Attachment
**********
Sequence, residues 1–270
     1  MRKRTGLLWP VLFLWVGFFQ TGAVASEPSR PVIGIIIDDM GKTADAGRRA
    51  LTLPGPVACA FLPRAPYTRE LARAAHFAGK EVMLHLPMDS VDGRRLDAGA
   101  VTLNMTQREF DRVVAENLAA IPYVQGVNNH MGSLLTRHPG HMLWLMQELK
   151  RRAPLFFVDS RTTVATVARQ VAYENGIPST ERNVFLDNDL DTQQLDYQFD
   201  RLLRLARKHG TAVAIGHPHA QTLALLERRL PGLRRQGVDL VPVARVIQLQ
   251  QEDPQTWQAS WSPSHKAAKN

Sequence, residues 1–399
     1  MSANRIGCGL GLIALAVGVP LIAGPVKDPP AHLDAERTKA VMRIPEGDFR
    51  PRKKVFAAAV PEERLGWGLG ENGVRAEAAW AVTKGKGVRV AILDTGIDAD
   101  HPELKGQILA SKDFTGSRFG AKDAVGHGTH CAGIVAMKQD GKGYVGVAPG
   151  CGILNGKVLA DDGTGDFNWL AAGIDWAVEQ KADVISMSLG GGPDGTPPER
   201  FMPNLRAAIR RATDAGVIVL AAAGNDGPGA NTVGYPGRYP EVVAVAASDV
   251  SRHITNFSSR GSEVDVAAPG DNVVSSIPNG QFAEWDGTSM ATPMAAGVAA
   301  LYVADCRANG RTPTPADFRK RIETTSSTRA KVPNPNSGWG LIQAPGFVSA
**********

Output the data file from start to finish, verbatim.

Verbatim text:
Sequence, residues 1–270
     1  MRKRTGLLWP VLFLWVGFFQ TGAVASEPSR PVIGIIIDDM GKTADAGRRA
    51  LTLPGPVACA FLPRAPYTRE LARAAHFAGK EVMLHLPMDS VDGRRLDAGA
   101  VTLNMTQREF DRVVAENLAA IPYVQGVNNH MGSLLTRHPG HMLWLMQELK
   151  RRAPLFFVDS RTTVATVARQ VAYENGIPST ERNVFLDNDL DTQQLDYQFD
   201  RLLRLARKHG TAVAIGHPHA QTLALLERRL PGLRRQGVDL VPVARVIQLQ
   251  QEDPQTWQAS WSPSHKAAKN

Sequence, residues 1–399
     1  MSANRIGCGL GLIALAVGVP LIAGPVKDPP AHLDAERTKA VMRIPEGDFR
    51  PRKKVFAAAV PEERLGWGLG ENGVRAEAAW AVTKGKGVRV AILDTGIDAD
   101  HPELKGQILA SKDFTGSRFG AKDAVGHGTH CAGIVAMKQD GKGYVGVAPG
   151  CGILNGKVLA DDGTGDFNWL AAGIDWAVEQ KADVISMSLG GGPDGTPPER
   201  FMPNLRAAIR RATDAGVIVL AAAGNDGPGA NTVGYPGRYP EVVAVAASDV
   251  SRHITNFSSR GSEVDVAAPG DNVVSSIPNG QFAEWDGTSM ATPMAAGVAA
   301  LYVADCRANG RTPTPADFRK RIETTSSTRA KVPNPNSGWG LIQAPGFVSA